Nikolai Borisovich Obukhov (Nicolas Obouhow) (1892–1954) was a modernist and mystic Russian composer, active mainly in France. An avant-garde figure who took as his point of departure the late music of Scriabin, he fled Russia along with his family after the Bolshevik Revolution, settling in Paris. His music is notable for its religious mysticism, its unusual notation, its use of an idiosyncratic 12-tone chromatic language, and its pioneering use of electronic musical instruments in the era of their earliest development.
Johann Gottlieb Graun and his slightly younger brother Carl Heinrich Graun both worked in the Berlin-based court of Frederick the Great, whose musical cabinet also included Carl Philipp Emanuel Bach. Superficially, the music of the Grauns can seem similar enough that in terms of attribution, their works are often confused, particularly when "Graun" is the only name provided on a given manuscript. Curiously, at least concerning the track listing, Accent does not try to identify which of the four concerti on their Graun: Concerti belong to Johann Gottlieb and which to Carl Heinrich. When one gets a little deeper into the notes, the truth is known – the first concerto, in A major for viola da gamba is by Johann Gottlieb, and the other three are the work of Carl Heinrich. A general rule of thumb regarding this pair is that both are early Classical period composers, with Johann Gottlieb taking a route more akin to Carl Philipp Emanuel Bach in his use of expressive effects, and Carl Heinrich pursuing a more conspicuously galant route in the manner of Johann Christian Bach. Given the dark and stony sobriety of the E minor flute concerto here attributed to Carl Heinrich, this rule does not apply in necessarily every case.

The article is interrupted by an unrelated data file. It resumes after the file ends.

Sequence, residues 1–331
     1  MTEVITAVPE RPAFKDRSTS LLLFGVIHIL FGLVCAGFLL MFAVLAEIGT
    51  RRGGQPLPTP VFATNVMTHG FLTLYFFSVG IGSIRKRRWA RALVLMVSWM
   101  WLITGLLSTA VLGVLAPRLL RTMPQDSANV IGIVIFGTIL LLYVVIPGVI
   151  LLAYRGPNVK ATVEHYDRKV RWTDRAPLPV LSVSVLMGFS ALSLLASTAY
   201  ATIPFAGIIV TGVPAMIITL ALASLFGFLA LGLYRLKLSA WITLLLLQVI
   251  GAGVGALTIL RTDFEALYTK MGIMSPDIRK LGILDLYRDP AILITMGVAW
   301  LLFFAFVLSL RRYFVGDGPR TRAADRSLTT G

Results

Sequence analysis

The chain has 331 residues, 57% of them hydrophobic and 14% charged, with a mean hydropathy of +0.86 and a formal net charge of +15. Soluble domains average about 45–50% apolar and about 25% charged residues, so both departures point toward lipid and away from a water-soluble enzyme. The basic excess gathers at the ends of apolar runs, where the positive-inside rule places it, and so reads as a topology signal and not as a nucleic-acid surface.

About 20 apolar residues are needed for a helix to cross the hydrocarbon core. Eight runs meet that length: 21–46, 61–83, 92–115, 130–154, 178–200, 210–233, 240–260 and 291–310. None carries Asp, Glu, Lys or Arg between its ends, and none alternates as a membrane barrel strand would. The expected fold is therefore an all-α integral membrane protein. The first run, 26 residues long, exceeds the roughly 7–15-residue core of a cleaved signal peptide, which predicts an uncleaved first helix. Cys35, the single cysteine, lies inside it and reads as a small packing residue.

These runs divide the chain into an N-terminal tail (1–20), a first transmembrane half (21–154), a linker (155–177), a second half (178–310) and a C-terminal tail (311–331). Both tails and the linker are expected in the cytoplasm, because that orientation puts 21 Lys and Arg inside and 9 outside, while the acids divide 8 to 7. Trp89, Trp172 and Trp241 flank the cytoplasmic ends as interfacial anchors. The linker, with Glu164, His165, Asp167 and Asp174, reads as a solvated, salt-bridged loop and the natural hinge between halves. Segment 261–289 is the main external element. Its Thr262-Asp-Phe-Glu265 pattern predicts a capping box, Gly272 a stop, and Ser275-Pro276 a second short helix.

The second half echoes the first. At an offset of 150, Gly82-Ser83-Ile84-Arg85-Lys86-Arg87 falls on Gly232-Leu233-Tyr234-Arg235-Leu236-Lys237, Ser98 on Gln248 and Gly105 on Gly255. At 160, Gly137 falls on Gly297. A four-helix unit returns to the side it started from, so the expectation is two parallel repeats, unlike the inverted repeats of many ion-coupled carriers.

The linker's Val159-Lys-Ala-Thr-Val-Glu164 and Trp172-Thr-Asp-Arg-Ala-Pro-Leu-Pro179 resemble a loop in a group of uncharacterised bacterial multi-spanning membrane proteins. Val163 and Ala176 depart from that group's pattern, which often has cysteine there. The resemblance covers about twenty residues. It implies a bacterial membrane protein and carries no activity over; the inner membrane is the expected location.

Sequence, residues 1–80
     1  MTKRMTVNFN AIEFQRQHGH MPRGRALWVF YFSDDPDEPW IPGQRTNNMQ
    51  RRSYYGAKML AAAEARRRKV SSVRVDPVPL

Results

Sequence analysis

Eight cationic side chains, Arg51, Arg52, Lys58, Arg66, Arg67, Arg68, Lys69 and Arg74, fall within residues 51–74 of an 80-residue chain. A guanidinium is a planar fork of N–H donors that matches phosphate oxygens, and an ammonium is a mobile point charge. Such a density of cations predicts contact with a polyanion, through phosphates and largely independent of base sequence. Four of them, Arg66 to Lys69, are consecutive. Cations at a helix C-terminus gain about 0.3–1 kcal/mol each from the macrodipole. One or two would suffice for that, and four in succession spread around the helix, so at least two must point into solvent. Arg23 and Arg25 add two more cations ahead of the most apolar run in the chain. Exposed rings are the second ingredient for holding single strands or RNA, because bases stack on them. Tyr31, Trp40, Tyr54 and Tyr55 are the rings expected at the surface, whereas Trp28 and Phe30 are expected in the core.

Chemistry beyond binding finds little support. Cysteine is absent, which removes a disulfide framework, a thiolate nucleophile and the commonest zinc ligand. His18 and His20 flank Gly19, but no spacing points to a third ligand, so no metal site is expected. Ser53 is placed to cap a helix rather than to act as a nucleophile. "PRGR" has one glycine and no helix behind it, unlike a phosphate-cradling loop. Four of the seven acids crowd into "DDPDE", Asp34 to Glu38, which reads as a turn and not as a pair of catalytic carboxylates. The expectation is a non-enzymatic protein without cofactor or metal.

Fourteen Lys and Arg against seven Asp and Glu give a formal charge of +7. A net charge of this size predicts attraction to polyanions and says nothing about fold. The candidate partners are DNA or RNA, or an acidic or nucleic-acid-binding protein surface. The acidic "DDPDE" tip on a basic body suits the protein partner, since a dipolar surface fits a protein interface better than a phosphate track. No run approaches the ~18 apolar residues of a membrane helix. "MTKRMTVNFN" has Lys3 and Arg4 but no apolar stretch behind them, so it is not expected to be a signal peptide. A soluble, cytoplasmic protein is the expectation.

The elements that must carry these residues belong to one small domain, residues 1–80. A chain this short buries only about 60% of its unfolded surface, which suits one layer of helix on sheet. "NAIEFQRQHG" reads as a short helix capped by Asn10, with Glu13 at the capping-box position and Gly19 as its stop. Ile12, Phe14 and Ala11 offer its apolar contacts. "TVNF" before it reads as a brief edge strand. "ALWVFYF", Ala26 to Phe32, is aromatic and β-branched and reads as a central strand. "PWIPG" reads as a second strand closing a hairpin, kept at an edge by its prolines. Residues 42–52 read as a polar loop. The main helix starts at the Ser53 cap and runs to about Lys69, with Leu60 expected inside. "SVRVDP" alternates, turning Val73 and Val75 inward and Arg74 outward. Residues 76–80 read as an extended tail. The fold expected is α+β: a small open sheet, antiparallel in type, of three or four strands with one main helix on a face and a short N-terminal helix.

This debut album from Gottlieb is one of the great hidden gems of jazz fusion. It is intricate and funky, bright and colorful all at the same time. All the instrumenalists are virtuosos, and if you happen to be a drummer, you'll be in awe of the mastery of Danny Gottlieb, who hails from the early incarnation of the Pat Metheny Group and Mahavishnu.
Oskar Gottlieb Blarr (born 6 May 1934 in East Prussia) is a German composer, organist and church musician. (…) As a composer Oskar Gottlieb Blarr created oratorios, orchestral works, chamber and organ music. He also composed numerous New Spiritual songs. He published many of his songs under the pseudonym Brother Choral Ogo…
He’s performed with the Pat Metheny Group, the Mahavishnu Orchestra, the Gil Evans Orchestra, the Al DiMeola Project and a hundred other giants of Jazz and contemporary music. He appears on over 300 CDs, including 4 Grammy winners. He’s also a longtime and cherished friend of TrueFire. So, when Danny Gottlieb called to ask whether we’d be interested in filming a jazz trio recording session featuring himself on drums and two of his best friends, Barry Greene on guitar and Dennis Marks on upright and electric bass, we jumped at the opportunity, no questions asked.